Step 2: Clone the repository, so I have it on my local drive.  The Git URL is  I use SSH, but there’s also an HTTS URL:  Where do you put it?  It’s probably easiest if it lives with the other courses in the OLP directory.  So I go to where my OLP clone lives, then to the subdirectory holding the courses, and clone there:

$ cd ~/tex/openlogic/courses/
$ git clone
$ cd phil379

[If you don’t want to use git, just make a new subdirectory of the /courses directory.]
Step 3: We have to start somewhere, so I’ll copy the files courses/sample/open-logic-sample.tex and courses/sample/open-logic-sample-config.tex from courses/sample to my new directory, renaming them to phil379.tex and phil379-config.tex, respectively. I’ll also add a license and a Makefile, but you wouldn’t have to.

Step 4: The main file, phil379.tex contains the instructions for what to include and in what order.  I’ve changed it so that only what I need is included.  Here is what it looks like at this point, and here are the changes I made to the original open-logic-sample.tex file.  I haven’t yet done anything to the formatting or layout, just changed the title page and what chapters are included.

Step 5: I do want to do a few things a bit different from the default.  First of all, I’ll make the text unpretentious: no Greek formulas, no Fraktur letters for structures.  I haven’t yet made up my mind about terminology, but I think I might want to use “countable” instead of “enumerable”.  (I wouldn’t if I were going to talk about “computably” or “recursively enumerable” sets, but I think I won’t.  And when you’re talking about sizes of sets, “countable” and “uncountable” is a bit more conventional and easier to say. Maybe. I might change my mind later.)  There are some switches I can adjust, too: e.g., I’d like to have everything but biconditional and “true” be primitive symbols: That way there are more cases to prove, but I’ll get all the cases for the conditional and the universal quantifier as exercises.  Lastly, the first-order-logic part includes both sequent calculus and natural deduction as proof systems, but I’ll cover only one.  Maybe natural deduction.  Might change my mind on that too.  Anyway, all these things can easily be specified in phil379-config.sty.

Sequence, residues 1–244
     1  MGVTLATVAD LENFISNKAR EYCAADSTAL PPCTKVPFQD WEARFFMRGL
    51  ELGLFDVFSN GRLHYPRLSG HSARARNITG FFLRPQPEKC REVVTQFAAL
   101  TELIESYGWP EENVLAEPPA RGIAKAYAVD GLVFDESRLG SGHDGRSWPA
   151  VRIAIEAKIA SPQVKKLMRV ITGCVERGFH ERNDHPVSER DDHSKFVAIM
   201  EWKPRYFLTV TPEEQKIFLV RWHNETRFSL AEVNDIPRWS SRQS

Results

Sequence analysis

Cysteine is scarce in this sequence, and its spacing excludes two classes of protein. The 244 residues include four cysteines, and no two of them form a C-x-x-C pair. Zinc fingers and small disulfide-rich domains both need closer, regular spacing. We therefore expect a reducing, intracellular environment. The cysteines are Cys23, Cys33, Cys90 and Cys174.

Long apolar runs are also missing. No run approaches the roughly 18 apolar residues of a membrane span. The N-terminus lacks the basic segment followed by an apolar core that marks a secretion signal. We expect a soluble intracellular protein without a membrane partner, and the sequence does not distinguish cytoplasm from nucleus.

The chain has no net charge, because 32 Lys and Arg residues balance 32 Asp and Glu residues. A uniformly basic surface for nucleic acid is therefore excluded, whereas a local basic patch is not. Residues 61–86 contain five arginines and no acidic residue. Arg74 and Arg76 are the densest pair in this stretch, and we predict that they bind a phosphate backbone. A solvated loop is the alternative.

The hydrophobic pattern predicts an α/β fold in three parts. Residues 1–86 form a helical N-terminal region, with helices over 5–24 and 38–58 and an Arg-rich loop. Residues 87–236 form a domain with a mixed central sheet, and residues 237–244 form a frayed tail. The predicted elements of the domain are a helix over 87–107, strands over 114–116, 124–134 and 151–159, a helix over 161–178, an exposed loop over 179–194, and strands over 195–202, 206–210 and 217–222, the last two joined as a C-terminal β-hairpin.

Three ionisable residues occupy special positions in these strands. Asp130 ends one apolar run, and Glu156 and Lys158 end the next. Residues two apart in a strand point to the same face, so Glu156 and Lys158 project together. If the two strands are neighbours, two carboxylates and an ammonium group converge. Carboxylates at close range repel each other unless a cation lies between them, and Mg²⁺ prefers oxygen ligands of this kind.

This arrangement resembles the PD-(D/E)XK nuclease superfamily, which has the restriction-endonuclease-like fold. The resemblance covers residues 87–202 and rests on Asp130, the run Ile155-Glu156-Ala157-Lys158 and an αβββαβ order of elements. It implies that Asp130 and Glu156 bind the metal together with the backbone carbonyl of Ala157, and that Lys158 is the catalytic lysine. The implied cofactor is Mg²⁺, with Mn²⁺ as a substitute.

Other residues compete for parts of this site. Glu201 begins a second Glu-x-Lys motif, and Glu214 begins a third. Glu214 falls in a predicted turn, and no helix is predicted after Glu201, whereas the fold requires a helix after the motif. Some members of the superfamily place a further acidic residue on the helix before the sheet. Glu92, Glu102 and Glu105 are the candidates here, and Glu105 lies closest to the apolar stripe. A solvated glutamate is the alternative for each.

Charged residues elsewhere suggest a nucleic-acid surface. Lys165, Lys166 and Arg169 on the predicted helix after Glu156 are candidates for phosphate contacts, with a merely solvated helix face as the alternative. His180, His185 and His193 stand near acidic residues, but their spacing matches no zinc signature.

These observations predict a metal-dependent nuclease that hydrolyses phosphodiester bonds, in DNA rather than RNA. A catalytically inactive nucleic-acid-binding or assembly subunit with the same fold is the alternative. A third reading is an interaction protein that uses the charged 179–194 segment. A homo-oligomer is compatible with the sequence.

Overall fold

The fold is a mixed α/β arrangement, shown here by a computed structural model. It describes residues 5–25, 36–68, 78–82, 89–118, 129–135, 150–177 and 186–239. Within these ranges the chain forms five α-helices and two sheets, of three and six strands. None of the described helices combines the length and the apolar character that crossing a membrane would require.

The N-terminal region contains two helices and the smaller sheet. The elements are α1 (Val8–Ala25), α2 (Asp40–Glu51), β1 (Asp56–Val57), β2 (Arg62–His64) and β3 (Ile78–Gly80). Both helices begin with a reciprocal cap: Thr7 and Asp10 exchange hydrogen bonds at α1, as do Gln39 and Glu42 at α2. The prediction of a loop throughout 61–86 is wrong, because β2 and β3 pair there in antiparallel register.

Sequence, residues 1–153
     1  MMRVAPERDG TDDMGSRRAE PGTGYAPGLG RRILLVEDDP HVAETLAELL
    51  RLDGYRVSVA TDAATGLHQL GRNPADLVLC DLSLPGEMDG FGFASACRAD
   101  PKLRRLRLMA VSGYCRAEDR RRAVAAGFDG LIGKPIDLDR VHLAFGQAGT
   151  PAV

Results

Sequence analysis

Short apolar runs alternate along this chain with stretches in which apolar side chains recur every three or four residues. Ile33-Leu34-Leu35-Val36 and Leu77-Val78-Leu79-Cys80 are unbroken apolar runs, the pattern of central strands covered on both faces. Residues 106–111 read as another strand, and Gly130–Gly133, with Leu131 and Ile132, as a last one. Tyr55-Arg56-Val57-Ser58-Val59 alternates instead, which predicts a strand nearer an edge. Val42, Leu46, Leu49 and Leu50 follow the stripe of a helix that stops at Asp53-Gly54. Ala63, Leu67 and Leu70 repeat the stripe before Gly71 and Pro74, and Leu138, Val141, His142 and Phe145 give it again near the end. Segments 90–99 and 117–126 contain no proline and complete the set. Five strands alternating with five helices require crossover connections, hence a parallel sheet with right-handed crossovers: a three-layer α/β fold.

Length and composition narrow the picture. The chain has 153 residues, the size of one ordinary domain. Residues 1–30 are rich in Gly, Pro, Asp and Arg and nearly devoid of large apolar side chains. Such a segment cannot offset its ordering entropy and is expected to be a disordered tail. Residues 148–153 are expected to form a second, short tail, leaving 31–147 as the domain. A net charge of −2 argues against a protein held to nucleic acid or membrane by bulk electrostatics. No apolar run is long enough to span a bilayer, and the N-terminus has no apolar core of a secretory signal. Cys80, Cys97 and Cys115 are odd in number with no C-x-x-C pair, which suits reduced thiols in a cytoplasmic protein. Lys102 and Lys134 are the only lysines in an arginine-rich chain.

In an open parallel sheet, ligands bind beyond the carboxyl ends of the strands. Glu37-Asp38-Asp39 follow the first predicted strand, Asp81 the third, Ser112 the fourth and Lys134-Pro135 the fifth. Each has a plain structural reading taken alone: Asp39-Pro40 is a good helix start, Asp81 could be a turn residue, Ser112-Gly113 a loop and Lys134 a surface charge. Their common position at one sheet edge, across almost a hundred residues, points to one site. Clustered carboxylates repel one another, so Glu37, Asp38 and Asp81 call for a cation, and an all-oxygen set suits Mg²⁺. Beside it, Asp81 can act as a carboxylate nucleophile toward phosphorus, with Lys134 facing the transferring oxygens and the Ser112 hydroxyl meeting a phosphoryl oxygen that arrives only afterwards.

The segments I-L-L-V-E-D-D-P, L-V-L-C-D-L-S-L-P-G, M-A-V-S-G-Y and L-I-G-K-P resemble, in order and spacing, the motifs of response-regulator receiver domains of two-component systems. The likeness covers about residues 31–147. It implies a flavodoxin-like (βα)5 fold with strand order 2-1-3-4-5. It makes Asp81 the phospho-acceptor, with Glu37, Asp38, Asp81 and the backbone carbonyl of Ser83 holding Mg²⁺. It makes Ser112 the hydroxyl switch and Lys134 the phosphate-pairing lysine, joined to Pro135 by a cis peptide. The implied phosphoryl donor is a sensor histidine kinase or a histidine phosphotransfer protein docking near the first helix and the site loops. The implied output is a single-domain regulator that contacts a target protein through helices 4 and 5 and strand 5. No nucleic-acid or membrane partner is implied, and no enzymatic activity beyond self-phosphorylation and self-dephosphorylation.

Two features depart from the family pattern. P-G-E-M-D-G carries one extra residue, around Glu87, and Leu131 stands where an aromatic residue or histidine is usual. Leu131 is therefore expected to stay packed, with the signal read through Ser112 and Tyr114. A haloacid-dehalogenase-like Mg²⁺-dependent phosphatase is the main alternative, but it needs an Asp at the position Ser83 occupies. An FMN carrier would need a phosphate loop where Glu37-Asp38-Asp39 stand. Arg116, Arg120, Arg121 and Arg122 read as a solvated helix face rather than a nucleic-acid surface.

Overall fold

Step 6: Run phil379.tex through LaTeX, get a nice PDF.

Step 7: Commit everything and push to GitHub, so it’s saved (and I can link to the source files here).

[UPDATE: (a) The current version has phil379.tex containing only the content, and the layout and setup is done by phil379-screen.tex and phil379-print.tex, which generate a version for on-screen reading and a version for printing, respectively. See also this post.]

University of Calgary Student Paper Profiles OLP

Nicole Wyatt and I were interviewed (and photographed) for an article on open textbooks in the University of Calgary’s student newspaper, The Gauntlet, last month.

[Photo © Louie Villanueva/Gauntlet]